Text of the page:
I'm interested in the experiment, and in understanding how offering a financial return works in practice.
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Show all comments (13)
Nicholas Lovell Founder, Gamesbrief5 years ago
I also note that you say that Slightly Mad will take 30% of profits, not revenue, unlike Facebook Credits, the AppStore and other platforms.
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Tim Carter Designer - Writer - Producer 5 years ago
Kickstarter gets around it because, technically, when you use it you aren't raising investment - rather you're seeking *donations*.

But these guys are talking returns here. If they're selling returns, they're seeking investment.

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Sebastiao Almeida Programmer, Hoplon Infotainment5 years ago
Great going, we need more initiatives like this one. Publishers are the main factor in the lack of innovation we see in games today.
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Frederic Eichinger Web Developer 5 years ago
Certainly an interesting concept, and it does look like it'd work out well.
The question which does arise, though, is indeed about how they're avoiding regulations, as this concept might make for a whole new standard and thereby get us out of the 'dynamic development teams + large publishers' direction, we're headed.
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Harrison Smith Studying Games and Graphics Programming, Royal Melbourne Institute of Technology5 years ago
Well this is a interesting idea, especially for those in the Student/Modding-Hobbyist development communities. Ideas like this would be great for students to contribute and get there name on finished project to go on there CV. I think a better way to approach it is to offer the ability for people to "Donate" and allow people to get in on the development and contribute to the project be it for a small or no amount to be donated. Like mentioned above there appears to be alot of holes and problems with there investment proposition.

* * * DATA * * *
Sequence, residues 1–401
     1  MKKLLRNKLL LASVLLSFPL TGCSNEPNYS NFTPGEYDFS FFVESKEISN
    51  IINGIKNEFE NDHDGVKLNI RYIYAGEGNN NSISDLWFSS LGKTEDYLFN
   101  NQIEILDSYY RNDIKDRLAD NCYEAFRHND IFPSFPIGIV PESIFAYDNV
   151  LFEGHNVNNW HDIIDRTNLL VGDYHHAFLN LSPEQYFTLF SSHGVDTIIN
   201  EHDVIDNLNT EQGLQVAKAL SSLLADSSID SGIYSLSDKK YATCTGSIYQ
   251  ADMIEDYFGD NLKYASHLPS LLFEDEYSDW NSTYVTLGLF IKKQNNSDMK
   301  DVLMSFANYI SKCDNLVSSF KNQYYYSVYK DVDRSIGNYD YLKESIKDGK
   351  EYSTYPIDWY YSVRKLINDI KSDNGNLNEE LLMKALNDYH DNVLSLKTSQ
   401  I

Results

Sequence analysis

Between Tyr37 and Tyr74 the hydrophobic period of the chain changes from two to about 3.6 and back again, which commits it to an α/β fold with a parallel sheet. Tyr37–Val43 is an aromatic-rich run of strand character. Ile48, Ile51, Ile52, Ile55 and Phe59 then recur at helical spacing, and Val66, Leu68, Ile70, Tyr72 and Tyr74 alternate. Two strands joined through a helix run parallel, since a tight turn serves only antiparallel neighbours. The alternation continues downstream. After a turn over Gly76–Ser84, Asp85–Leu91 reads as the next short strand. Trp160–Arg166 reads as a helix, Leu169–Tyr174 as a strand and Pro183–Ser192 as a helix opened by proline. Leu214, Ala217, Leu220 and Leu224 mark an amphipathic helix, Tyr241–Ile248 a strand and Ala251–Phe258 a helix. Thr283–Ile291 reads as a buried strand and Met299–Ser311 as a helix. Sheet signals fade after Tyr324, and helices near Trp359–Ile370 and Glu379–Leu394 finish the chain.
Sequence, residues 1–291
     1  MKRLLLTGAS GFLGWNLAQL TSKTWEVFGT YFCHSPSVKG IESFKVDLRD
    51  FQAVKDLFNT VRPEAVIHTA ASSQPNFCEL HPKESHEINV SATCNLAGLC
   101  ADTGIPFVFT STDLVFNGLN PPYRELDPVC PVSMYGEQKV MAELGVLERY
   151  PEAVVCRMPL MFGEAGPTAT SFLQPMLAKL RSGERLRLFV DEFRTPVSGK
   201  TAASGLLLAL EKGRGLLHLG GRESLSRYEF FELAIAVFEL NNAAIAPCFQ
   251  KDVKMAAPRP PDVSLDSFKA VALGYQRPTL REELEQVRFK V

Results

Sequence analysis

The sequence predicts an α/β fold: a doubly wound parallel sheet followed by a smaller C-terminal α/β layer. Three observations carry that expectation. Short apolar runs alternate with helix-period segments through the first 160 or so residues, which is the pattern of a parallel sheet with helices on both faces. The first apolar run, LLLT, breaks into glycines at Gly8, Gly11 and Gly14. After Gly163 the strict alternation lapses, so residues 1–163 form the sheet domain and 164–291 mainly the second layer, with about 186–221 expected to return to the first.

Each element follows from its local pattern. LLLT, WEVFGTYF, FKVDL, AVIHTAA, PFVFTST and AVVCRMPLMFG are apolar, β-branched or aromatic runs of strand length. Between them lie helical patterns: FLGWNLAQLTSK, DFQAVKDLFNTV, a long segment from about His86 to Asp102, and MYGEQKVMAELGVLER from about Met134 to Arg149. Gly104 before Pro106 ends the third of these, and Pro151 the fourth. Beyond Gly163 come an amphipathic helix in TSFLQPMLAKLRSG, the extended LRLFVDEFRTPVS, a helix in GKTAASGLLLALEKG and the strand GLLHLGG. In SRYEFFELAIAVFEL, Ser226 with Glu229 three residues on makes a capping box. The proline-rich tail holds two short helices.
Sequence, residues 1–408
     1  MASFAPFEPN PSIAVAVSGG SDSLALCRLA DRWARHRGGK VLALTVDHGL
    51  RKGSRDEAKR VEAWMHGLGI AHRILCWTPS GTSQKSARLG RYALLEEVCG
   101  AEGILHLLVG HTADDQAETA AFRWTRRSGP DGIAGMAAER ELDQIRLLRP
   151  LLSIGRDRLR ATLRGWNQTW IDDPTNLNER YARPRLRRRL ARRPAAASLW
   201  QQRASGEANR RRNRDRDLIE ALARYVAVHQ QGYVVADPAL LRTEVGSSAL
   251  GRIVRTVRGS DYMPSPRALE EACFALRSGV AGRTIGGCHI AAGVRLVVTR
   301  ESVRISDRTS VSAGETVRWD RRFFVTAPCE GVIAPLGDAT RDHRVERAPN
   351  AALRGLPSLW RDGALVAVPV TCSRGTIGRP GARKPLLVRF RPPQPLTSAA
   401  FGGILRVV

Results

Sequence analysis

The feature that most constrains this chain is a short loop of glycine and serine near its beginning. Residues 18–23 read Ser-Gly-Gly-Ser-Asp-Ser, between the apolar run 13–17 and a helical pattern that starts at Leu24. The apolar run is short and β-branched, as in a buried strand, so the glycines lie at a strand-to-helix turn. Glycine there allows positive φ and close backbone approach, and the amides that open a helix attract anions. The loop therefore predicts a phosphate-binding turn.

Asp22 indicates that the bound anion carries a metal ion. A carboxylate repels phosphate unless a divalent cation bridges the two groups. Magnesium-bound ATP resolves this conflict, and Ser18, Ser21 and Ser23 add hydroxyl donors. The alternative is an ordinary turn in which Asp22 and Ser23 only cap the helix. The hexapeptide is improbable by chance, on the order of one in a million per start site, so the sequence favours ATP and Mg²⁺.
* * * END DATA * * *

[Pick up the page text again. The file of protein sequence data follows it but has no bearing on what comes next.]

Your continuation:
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Robert Morrissey5 years ago
Well, I'm definitely sold, that is if it's legal. Seems very ambitious, but more of a novel idea than almost anything nowadays.
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Tim Carter Designer - Writer - Producer 5 years ago
There is NOTHING new whatsoever in this. This is how the stock market began.

And then the insiders abused it, found they could very easily rip people off (that's partly why the Crash of 1929 occured), and then it became regulated.

The law says if you go out and advertise to the public that you are seeking investment, you are doing a "public offering". That's the stock market. There's no way around that.





Edited 4 times. Last edit by Tim Carter on 25th September 2011 10:39pm

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Tim Carter Designer - Writer - Producer 5 years ago
Maybe the conversation we need to have is whether the public funding regulators should simplify the whole process of making a public offering.

After all, this is the internet age.

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Virl Hill CEO, Jumala5 years ago
Leveraging digital technology to enable broad-based game creation is long overdue! Jumala.com (full disclosure, my company) shares this belief - although we are even more "mad" - we enable ANYONE to create and share games, even if you don't know a lick of programming. More passionate gamers bringing more ideas to life is a great positive for our industry! And the creative process in and of itself is a lot of fun. Just ask any one of the few million Minecraft players....
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Murray Lorden Game Designer & Developer, MUZBOZ5 years ago
Sounds like it'd be hard to manage these projects. But it's an interesting idea.

I think that figuring out who is the ultimate producer and designer on these projects could be rather tricky. But maybe it won't matter, on games like Racing Games, in some ways.

But if they're looking to make innovative titles from this, things could be tricky. But may work really well! Will be interested to see what comes of it.